The flawed superintendent search process was discriminatory against a qualified African American candidate. The actions of the current Charleston County School District Board of Trustees under the leadership of Cindy Bohn Coats were atrocious and an example of how deeply rooted the race problem is in our city, county and state.

While we’ve lavished praise on the families of the Emanuel 9, the black community and other sympathizers for their peaceful and prayerful reactions in the wake of these 10 murders (including Walter Scott), we should also pause for a moment with individual self-examination to make sure we are not at least a bit culpable by ignoring the obvious racism that permeates every aspect of the lives of most African Americans in our state.

If there is one place where deliberate, immediate and intentional attention needs to be paid, it is our educational system and the move to return to the era of segregated and unequal public schools.

The trustees should immediately remove Cindy Bohn Coats from leadership. Furthermore, any other board member who is not committed to treating all of the stakeholders with respect, equality and fairness, should step down for the good of Charleston County School District.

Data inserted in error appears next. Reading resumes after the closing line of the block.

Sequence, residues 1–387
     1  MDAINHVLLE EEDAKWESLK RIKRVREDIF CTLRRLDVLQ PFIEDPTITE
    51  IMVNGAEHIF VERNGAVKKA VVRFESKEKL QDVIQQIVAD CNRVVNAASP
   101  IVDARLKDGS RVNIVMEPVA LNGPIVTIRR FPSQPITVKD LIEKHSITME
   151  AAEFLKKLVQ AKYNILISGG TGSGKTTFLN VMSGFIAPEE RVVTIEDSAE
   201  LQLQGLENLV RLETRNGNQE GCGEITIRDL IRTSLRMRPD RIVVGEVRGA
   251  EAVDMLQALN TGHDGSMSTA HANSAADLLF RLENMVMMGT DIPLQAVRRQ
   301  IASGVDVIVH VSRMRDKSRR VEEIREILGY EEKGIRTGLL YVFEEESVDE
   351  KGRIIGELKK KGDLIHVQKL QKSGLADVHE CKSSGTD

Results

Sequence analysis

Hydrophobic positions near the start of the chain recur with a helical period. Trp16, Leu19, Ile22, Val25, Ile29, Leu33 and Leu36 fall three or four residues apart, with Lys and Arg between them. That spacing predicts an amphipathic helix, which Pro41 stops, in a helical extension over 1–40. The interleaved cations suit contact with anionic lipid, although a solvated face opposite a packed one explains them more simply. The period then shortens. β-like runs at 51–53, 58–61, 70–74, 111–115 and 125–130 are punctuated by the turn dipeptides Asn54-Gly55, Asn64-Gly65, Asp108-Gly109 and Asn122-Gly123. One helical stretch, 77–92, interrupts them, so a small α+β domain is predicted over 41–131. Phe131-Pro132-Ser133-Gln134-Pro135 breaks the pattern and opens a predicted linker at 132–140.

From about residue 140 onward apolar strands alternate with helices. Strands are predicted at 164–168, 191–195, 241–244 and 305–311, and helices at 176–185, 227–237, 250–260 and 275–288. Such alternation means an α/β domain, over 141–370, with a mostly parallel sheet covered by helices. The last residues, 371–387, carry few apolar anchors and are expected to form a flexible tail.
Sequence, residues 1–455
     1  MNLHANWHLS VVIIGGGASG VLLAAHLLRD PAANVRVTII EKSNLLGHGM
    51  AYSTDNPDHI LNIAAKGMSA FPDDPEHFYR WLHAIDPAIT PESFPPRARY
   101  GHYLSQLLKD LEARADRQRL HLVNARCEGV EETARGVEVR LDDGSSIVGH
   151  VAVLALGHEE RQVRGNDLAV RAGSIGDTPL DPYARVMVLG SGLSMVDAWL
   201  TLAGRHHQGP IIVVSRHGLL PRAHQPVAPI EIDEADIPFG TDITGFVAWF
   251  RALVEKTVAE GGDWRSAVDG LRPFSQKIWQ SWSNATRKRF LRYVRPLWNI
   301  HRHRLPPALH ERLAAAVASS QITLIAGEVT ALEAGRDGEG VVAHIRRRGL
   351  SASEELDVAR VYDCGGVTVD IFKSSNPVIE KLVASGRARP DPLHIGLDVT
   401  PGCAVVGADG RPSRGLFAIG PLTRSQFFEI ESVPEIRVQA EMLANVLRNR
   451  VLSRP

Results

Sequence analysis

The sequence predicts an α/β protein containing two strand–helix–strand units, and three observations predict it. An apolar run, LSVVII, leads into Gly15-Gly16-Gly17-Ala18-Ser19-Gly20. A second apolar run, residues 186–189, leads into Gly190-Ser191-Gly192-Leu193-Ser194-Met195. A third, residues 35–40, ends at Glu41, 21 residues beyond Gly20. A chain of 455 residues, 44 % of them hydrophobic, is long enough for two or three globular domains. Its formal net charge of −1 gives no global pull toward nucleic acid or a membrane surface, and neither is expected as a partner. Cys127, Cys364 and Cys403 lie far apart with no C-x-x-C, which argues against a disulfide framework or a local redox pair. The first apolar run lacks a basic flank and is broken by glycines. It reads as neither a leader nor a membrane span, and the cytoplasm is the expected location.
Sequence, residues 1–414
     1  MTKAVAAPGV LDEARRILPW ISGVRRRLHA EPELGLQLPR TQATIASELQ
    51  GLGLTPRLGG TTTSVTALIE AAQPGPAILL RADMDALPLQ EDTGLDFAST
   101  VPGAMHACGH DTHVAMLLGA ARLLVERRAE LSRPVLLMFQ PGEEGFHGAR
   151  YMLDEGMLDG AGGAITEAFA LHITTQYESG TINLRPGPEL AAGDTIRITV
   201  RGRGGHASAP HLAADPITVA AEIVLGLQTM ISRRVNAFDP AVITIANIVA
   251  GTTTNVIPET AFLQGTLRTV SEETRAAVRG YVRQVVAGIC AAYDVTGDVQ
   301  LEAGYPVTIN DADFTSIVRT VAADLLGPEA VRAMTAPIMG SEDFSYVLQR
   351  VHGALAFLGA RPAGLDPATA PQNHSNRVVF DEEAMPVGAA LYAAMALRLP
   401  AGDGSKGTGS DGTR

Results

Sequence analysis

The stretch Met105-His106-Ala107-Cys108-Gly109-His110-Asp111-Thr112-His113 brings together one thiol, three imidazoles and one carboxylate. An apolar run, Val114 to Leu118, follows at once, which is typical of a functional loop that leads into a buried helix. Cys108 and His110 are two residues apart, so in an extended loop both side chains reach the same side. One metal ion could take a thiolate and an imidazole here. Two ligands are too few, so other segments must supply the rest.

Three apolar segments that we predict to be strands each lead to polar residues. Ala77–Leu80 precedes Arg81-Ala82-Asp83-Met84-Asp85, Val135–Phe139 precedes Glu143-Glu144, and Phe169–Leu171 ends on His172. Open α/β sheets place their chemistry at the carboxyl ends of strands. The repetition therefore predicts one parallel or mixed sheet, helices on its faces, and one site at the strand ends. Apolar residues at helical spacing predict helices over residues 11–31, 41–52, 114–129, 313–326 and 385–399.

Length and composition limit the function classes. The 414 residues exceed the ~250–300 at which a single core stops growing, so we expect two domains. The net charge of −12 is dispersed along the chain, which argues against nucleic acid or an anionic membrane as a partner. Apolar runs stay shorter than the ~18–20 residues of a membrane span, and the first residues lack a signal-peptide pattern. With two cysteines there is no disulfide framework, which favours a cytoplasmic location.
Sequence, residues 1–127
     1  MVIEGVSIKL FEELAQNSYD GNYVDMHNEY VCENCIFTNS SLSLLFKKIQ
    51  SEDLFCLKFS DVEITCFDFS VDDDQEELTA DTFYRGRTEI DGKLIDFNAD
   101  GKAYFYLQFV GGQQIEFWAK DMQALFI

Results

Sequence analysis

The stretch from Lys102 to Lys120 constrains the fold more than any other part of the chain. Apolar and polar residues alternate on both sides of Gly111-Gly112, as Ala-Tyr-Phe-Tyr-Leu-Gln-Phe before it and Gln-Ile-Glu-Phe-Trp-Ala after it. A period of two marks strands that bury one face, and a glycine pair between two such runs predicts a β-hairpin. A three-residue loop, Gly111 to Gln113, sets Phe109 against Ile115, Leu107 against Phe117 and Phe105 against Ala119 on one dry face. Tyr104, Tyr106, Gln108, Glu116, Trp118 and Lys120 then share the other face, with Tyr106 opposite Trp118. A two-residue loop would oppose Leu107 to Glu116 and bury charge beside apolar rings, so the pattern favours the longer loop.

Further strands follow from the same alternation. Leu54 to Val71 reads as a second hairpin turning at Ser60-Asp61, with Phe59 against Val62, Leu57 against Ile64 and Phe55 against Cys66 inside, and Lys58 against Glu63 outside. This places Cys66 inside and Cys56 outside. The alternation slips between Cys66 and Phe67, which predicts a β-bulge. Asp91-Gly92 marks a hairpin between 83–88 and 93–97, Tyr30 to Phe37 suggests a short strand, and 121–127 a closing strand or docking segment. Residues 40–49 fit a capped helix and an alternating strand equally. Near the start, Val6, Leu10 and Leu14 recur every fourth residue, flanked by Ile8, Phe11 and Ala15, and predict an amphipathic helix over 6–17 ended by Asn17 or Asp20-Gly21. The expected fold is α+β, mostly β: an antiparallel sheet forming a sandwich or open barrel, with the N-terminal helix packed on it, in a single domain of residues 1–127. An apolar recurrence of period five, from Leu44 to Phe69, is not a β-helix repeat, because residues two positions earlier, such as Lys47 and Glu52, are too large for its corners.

Chair Coats’ leadership is glaringly questionable in her public statements. The chair stated that she made contact with all of the board of trustees about moving forward with the recent candidates’ interviews. However, according to at least one board member, that did not happen. Furthermore, Chair Coats initially indicated that Dr. Lisa Herring was being considered, as one of two in-house candidates who met the qualifications. Dr. Postlewait should never have been included in the consideration at that time. Was the chair telling the truth then or now, given her recent statement indicating that she personally didn’t consider Dr. Herring for the job because she had never served as a superintendent? The entire community deserves better in a public school board chair.

The recent actions of this school board that resulted in the hiring of Dr. Postlewait in the wake of the above mentioned 10 murders is in stark contrast to the care and concern that has been bestowed on the African American community. That same level of care and concern is now needed to right the wrong of this board.

All of the money and good will in the world in the aftermath of what our community has had to endure will not bring our loved ones back — only the actions of people with clean hearts and good will can assure that they did not lose their lives in vain.

Over the past weeks since the slaughter of the Emanuel 9, I have been asked, “What can we do to help?” Well, my immediate response is: Stand up boldly and publicly against the board’s action in order to prevent the death of fair, equal and diverse educational opportunities for all children, including African Americans. Do this in remembrance of them, the Emanuel 9 — plus one!



Charleston Branch NAACP

Spring Street